FIG. 3 is a perspective side-top view of the first preferred embodiment of the improved clip.
FIG. 4 is a side view of the first preferred embodiment of the improved clip with the center panel raised slightly above the plane of the middle panel.
FIG. 5 is a side view of the first preferred embodiment of the improved clip with the tip of the middle panel even with the plane of the outermost panel.
FIG. 6 is a side view of the first preferred embodiment of the improved clip with the tip of the middle panel slightly curved upward.
FIG. 7 is a side view of the first preferred embodiment of the improved clip with the tip of the middle panel slightly below the plane of the outermost panel.
FIG. 8 is a perspective view of the first preferred embodiment of the improved clip with two raised necks.
FIG. 9 is a perspective view of the first preferred embodiment of the improved clip with one raised neck.
FIG. 10 is a perspective view of the first preferred embodiment of the improved clip with four raised necks.
FIG. 11 is a top view of the second preferred embodiment of the improved clip constructed of wire.
FIG. 12 is a top view of the second preferred embodiment of the improved clip with two necks.
FIG. 13 is a side view of the second preferred embodiment of the improved clip.
FIG. 14 is a top view of the second preferred embodiment of the improved clip with one neck.
FIGS. 1, 2, 3, 4, 5, 6, 7, 8, 9 and 10
Referring more particularly to FIGS. 1, 2, 3, 4, 5, 6, 7, 8, 9 and 10. The first embodiment of the improved paper clip with multiple panels is schematically depicted therein, thus, 10 is shown.
Clip 10 is comprised of an outermost panel 12, middle panel 14, and center panel 16 (FIGS. 1-10).
Outermost panel 12 has a back portion 20.
Middle panel 14 has back portion 30.
Center panel 16 has back portion 40.
Neck 18 is the extension of back portion 30.
Neck 58 is the extension of back portion 40.
The point at which back portion 20 meets neck 18 creates stopping element 50 and 52.
The point at which back portion 30 meets neck 58 creates stopping elements 54 and 56. (FIGS. 8 and 9)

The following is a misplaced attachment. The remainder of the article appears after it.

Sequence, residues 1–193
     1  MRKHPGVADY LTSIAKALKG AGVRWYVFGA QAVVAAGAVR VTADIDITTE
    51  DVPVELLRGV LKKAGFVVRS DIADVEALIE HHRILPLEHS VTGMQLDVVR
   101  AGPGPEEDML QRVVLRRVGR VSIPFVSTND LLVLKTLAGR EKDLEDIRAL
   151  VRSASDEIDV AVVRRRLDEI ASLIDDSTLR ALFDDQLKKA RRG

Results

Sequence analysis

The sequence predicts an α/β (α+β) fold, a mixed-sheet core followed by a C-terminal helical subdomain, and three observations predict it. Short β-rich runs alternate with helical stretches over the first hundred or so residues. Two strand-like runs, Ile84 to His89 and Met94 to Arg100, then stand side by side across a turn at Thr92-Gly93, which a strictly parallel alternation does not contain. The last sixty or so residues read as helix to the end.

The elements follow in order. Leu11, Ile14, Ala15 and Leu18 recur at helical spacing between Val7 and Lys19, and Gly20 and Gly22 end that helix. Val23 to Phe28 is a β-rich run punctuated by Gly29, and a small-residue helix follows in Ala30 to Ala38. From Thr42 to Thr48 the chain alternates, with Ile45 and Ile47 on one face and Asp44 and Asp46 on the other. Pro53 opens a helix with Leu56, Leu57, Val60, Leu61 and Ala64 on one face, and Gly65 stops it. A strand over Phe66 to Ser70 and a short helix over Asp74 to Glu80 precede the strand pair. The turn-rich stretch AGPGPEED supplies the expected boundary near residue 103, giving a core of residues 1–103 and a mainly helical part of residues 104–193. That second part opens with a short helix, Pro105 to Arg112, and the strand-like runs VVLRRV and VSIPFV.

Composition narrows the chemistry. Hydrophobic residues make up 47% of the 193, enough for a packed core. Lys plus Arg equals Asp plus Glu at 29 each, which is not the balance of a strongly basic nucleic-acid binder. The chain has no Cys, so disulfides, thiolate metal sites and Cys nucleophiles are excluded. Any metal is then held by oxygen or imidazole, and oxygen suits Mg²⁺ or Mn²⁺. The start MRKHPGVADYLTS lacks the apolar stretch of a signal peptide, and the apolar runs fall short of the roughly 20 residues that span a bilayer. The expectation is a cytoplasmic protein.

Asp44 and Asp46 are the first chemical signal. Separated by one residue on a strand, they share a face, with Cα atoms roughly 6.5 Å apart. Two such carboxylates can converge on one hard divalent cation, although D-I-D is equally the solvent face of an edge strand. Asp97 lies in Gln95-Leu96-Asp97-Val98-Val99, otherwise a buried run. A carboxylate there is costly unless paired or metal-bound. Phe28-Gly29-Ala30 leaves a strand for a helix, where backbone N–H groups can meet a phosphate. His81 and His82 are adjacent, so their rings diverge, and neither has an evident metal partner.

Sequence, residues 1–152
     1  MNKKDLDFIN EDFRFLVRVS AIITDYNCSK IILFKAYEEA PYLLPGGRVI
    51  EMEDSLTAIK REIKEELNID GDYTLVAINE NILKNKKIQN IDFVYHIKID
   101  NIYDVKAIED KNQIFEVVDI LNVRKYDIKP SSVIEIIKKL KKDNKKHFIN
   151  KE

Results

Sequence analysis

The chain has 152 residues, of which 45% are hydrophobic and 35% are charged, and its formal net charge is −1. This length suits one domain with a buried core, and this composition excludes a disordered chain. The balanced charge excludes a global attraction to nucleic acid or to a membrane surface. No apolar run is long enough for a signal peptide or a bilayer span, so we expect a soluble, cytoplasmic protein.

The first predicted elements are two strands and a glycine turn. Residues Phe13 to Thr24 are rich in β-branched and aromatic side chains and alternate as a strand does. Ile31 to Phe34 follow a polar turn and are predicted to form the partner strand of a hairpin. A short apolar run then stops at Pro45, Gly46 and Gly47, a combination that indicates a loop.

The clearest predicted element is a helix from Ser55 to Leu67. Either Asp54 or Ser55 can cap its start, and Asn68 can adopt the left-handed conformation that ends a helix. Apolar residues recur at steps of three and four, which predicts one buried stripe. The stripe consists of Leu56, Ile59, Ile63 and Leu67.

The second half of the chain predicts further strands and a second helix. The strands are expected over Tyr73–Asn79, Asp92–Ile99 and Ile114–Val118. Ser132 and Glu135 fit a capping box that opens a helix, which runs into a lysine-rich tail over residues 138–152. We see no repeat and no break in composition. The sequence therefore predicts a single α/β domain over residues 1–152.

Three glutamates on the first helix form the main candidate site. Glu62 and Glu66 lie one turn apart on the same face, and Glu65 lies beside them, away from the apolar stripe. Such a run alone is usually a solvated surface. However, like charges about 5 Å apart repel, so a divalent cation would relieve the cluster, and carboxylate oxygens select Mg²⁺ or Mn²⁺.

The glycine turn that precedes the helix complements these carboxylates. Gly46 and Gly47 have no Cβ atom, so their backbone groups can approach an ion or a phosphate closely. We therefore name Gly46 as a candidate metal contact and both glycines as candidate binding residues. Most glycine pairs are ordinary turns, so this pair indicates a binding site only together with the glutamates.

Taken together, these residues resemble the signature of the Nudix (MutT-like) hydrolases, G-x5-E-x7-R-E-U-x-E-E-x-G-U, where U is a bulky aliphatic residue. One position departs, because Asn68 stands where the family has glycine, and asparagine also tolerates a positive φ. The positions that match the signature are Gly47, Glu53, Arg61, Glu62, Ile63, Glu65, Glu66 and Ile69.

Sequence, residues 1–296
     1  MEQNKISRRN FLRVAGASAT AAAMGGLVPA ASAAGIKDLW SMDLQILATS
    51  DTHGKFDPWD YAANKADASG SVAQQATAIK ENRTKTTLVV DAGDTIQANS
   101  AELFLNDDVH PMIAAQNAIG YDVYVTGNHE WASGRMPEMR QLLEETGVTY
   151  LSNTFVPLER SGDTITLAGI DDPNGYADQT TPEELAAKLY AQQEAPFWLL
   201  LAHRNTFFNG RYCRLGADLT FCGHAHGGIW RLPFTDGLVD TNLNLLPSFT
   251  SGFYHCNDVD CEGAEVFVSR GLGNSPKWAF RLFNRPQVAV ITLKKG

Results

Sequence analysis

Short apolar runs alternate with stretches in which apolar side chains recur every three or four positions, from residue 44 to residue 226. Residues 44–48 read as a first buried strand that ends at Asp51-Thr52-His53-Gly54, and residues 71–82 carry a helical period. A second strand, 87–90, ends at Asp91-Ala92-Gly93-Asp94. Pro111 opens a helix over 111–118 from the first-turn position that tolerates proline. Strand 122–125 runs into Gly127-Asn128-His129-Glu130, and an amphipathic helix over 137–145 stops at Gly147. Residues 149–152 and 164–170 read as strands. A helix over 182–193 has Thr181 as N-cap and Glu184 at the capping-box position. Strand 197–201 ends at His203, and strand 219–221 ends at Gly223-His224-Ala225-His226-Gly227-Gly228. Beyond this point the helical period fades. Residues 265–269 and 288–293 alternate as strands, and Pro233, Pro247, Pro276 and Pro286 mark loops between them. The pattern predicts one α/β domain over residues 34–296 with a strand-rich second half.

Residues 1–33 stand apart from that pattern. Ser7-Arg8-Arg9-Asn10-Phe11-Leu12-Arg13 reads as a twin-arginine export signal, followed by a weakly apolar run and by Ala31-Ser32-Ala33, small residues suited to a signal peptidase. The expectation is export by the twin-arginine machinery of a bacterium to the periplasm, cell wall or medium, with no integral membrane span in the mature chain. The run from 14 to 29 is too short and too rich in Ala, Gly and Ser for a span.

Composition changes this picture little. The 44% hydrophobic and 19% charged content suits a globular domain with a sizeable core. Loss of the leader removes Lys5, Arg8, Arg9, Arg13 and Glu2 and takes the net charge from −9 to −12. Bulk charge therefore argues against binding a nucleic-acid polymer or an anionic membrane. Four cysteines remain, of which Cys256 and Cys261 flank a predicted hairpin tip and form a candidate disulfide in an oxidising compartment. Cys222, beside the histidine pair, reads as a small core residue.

However, FIG. 10 is an exception, necks 58 are connected directly to back portion 20. This method is to make the center panel 16 extra flexible, so thicker materials can be inserted between the space 24.
The distance between stopping element 50 and 52 should be sufficiently wide enough to stabilize and prevent the clip from wandering.
The neck 18 is raised vertically (FIGS. 1-10). This will produce a generally hollow triangular shaped space (FIGS. 4-7) when viewed from the side of the clip. The height of the neck 18 can range from 0 to 11/4". The greater neck height will allow thicker insertion. Neck 58 may also be raised to allow for thicker insertion (FIGS. 1 and 4).
Back portion 20 is useful when pushed down by finger(s) to steady the clip while panels are opened for loading of insertions.
Panels 14 and 16 are slanted toward front of clip 10. Front tip 34 of the middle panel 14 may be slightly above (FIGS. 4 and 6), or flush (FIG. 5), or below the plane of panel 12 (FIG. 7). Also front tip 34 may be tipped upwardly (FIGS. 6 and 7) for easy gripping. Tip 34 being below the plane of panel 12, exerts greater pressure on the inserted materials which is critical when an object which may be thinner than neck height.
Space 24 is between panel 14 and panel 16. Space 22 is between panel 12 and panel 14 (FIGS. 1 and 3). Thick materials 26 can be inserted into space 22, and a thinner materials 28 can be inserted into space 24 (FIGS. 1 and 2).
Often, when documents are sent, a letter may be enclosed. Double insertions of the present invention will allow the separate, but simultaneous attachment of a letter on top of the other included insertion. Also, this clip will be useful when holding together pages in books, closing files to be stored in file cabinets, or as a money clip.